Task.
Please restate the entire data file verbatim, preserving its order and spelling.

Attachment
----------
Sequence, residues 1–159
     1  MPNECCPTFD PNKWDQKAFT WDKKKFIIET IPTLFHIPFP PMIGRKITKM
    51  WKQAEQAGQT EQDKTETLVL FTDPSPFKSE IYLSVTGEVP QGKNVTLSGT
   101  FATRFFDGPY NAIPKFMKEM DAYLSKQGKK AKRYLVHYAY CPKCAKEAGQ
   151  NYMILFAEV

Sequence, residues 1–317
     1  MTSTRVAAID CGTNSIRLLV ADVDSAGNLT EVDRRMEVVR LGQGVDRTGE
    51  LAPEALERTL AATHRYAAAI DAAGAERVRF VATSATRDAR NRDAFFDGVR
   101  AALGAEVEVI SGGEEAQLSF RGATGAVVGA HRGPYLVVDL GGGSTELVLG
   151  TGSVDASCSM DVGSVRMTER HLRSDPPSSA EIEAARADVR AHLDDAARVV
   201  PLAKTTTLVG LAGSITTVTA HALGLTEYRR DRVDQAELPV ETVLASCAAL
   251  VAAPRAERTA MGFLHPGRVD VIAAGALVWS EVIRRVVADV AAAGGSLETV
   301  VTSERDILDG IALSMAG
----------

Sequence, residues 1–159
     1  MPNECCPTFD PNKWDQKAFT WDKKKFIIET IPTLFHIPFP PMIGRKITKM
    51  WKQAEQAGQT EQDKTETLVL FTDPSPFKSE IYLSVTGEVP QGKNVTLSGT
   101  FATRFFDGPY NAIPKFMKEM DAYLSKQGKK AKRYLVHYAY CPKCAKEAGQ
   151  NYMILFAEV

Sequence, residues 1–317
     1  MTSTRVAAID CGTNSIRLLV ADVDSAGNLT EVDRRMEVVR LGQGVDRTGE
    51  LAPEALERTL AATHRYAAAI DAAGAERVRF VATSATRDAR NRDAFFDGVR
   101  AALGAEVEVI SGGEEAQLSF RGATGAVVGA HRGPYLVVDL GGGSTELVLG
   151  TGSVDASCSM DVGSVRMTER HLRSDPPSSA EIEAARADVR AHLDDAARVV
   201  PLAKTTTLVG LAGSITTVTA HALGLTEYRR DRVDQAELPV ETVLASCAAL
   251  VAAPRAERTA MGFLHPGRVD VIAAGALVWS EVIRRVVADV AAAGGSLETV
   301  VTSERDILDG IALSMAG